• MIME (Multipurpose Internet Mail Extensions): refers to the extensions added onto traditional email messages by new applications such as attached files and special formatting such as if it’s been sent from MS Word. This extension was developed as a way of making sure people could read emails regardless of what kind of software they’re using.
  • Phishing: stands for “Pose As An Institution” where somebody pretending to be someone else tries to get information over the phone about financial details, passwords or other sensitive data stored online so they can steal your identity or money. It’s usually done by email which will contain a link to an illegitimate website that looks identical to the real thing – and if you click on it, they get all of your information automatically!
  • POP (Post Office Protocol): is another protocol for retrieving emails from remote servers that are sent over SMTP with the difference being POP transfers mail back and forth between where it originated in order to be delivered locally before releasing any control of those messages. This means you can’t read them anywhere else but at home because once downloaded onto your computer they’re no longer stored remotely like IMAP does.
  • PST: stands for “Personal Folders File” which was originally created as a way of organizing files into folders within Microsoft Outlook.
  • Public Key Cryptography: is a system of encryption that allows two people to securely communicate without exchanging any secret information beforehand – it’s called public key because the message gets encrypted with one, and then decrypted by using the other party’s private key. This means you can’t read messages sent in this way as they’re encrypted for both parties!
  • Reply All: this means to reply to all people included in the original message.
  • RFC (Request For Comments): are formal documents published by standards bodies such as the IETF or WGIG which provide advice on how things should be done according to those who know best; an example would include what applications work well with IMAP IDLE protocol mentioned earlier on.
  • S/MIME: stands for “Secure Multipurpose Internet Mail Extensions” and was created to provide non-repudiation and authentication for email – this means that you can be 100% sure of the message’s authenticity without it being intercepted.
  • SMTP: stands for “Simple Mail Transfer Protocol” which is used on a relay server, so data enters via SMTP, then gets rerouted onto another server where those emails are sent out again in order to be delivered locally before anything else takes place.
  • Spamming: refers to sending unwanted or unsolicited messages over electronic messaging systems such as social media sites like Facebook and Twitter etc., usually done by people who don’t know how they could get your contact information off of them when they’ve never met you before or been given permission!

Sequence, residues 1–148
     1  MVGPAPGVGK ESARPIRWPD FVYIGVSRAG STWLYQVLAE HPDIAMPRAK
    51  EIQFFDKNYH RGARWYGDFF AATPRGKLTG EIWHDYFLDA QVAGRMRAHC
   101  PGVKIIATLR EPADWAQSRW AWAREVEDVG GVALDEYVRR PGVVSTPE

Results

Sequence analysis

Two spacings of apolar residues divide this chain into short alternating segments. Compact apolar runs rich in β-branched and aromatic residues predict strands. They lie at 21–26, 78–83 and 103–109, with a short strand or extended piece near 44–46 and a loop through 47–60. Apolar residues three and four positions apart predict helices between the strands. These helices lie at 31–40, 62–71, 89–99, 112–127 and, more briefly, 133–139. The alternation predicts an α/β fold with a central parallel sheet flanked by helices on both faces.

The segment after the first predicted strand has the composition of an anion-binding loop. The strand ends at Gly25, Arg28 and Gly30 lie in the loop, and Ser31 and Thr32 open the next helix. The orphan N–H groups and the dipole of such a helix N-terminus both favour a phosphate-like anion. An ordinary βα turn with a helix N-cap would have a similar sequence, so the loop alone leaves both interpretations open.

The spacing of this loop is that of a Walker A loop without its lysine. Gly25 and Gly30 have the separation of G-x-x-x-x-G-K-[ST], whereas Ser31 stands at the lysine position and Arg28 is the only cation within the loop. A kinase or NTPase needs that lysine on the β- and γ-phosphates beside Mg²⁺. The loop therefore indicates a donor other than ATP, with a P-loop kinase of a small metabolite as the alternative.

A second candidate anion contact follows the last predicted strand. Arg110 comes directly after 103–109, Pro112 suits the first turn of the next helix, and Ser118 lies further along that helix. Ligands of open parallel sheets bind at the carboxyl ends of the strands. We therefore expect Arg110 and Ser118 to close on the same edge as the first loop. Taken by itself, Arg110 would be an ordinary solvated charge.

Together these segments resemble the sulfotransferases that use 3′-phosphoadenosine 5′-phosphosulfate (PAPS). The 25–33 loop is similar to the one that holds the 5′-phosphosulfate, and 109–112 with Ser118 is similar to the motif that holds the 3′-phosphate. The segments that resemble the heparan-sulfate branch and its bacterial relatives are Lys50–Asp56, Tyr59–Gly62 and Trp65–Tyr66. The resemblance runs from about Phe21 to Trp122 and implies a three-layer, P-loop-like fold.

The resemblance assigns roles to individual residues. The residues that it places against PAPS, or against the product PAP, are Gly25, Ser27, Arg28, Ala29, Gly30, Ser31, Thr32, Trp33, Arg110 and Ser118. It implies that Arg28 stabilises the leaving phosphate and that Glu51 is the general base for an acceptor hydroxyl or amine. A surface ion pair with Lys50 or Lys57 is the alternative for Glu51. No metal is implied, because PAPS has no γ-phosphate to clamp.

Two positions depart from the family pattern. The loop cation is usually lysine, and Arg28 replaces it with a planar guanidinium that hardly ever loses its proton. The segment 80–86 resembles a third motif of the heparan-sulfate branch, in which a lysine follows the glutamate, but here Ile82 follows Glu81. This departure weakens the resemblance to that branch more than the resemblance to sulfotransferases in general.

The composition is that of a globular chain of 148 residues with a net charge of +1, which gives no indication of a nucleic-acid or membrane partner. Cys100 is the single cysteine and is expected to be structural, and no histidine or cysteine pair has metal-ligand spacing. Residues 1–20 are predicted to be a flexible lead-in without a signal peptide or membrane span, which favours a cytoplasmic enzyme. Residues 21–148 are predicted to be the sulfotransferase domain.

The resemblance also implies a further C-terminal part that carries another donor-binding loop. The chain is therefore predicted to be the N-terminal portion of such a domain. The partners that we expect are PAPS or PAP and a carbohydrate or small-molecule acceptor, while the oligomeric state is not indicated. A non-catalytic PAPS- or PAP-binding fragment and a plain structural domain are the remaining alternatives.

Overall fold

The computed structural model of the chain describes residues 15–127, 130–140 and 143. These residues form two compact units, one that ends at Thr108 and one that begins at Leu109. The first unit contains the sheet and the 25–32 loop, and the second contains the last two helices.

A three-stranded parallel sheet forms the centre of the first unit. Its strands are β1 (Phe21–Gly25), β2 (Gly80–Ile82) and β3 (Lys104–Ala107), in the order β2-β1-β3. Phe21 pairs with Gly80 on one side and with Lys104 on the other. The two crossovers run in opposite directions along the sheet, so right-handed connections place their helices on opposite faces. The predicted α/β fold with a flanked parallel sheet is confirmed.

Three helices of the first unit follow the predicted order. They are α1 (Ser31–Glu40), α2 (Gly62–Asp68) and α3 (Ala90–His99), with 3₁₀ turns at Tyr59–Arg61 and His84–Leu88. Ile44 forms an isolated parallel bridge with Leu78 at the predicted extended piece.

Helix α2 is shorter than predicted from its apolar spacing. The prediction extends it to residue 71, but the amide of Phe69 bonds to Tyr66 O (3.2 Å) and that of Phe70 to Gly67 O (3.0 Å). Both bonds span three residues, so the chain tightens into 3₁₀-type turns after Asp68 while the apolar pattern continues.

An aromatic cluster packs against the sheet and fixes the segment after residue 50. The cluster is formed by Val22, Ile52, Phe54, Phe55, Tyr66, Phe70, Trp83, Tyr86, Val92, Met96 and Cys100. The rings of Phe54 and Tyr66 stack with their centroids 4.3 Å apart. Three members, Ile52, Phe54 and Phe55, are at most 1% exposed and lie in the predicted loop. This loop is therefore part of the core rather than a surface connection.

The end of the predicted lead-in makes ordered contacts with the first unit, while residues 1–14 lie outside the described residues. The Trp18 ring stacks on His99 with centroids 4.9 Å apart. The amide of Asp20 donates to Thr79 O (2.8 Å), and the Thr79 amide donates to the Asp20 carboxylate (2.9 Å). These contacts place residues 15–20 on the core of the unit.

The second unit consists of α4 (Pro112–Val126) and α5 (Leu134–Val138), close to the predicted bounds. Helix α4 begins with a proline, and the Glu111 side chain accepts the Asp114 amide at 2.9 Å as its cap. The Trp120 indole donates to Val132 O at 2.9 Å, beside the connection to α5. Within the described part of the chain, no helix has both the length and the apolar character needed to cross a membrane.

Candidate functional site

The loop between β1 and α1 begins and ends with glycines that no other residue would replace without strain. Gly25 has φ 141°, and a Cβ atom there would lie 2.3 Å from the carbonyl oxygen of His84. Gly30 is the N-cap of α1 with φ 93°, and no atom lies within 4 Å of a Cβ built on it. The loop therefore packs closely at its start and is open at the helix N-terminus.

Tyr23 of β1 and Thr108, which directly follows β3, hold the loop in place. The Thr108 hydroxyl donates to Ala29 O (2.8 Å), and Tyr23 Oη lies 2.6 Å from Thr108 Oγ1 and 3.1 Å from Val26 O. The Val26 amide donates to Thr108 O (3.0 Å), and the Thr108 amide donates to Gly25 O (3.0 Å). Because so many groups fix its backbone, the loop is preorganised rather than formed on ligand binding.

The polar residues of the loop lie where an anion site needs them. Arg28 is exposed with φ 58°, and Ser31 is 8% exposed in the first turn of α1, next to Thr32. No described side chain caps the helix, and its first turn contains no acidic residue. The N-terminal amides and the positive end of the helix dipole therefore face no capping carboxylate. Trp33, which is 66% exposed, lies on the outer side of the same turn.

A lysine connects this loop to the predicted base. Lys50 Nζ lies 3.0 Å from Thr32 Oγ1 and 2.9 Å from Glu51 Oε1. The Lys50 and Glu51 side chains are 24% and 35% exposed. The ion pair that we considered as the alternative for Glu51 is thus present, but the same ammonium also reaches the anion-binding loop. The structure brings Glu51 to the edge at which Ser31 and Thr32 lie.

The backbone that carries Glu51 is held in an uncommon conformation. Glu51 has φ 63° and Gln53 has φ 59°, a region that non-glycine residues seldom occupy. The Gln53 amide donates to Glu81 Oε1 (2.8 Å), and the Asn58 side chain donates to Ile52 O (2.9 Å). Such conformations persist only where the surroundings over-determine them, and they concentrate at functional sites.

• Subject Line: is what’s written in the blank area of an email message where you can include information about what your mail is all about, and it’s usually a good idea to keep this under 100 characters so people know quickly without reading too far into things.
  • Subscribe: When someone subscribes their name they receive emails from certain sources automatically sent right into their inbox. They can also unsubscribe at anytime if they feel like no longer want those emails coming through.
  • TLD (Top Level Domain): refers to a suffix that appears at the end of any web address or email address – for example “com” belongs to .com Top Level domains; “.org” would be an example from nonprofits such as Red Cross etc., while “.edu” would belong to educational institutions like Harvard, Yale etc.
  • URL: stands for “Uniform Resource Locator”, which specifies not only how something is located within cyberspace but its specific destination – with URLs being most often used to access webpages.
  • URL Shortener: is a service that provides an alternative to typing out long URLs in order for them to be more readable and easier to share on different platforms like Twitter, Facebook etc., which can also help with SEO!
  • Unsubscribe: A simple way to remove oneself from a list of emails that are being sent to them.
  • Worms: are self-replicating computer programs designed either as a joke or as part of a malware attack where they copy themselves from one system to another without the user’s knowledge. They usually do this by exploiting security holes through something called “social engineering” – meaning someone talks you into revealing your passwords via phone calls, emails or text messages (which could lead onto bigger problems!).
  • XMPP (eXTensible Messaging and Presence Protocol): was developed back in 2003 so that people could talk to one another in real time using a chat program like Adium, Yahoo Messenger or Google Talk – which is what’s also called instant messaging.
  • Zombie Computers: are computers that have been infected with malware and can then be controlled remotely by hackers without the owner ever knowing anything about it!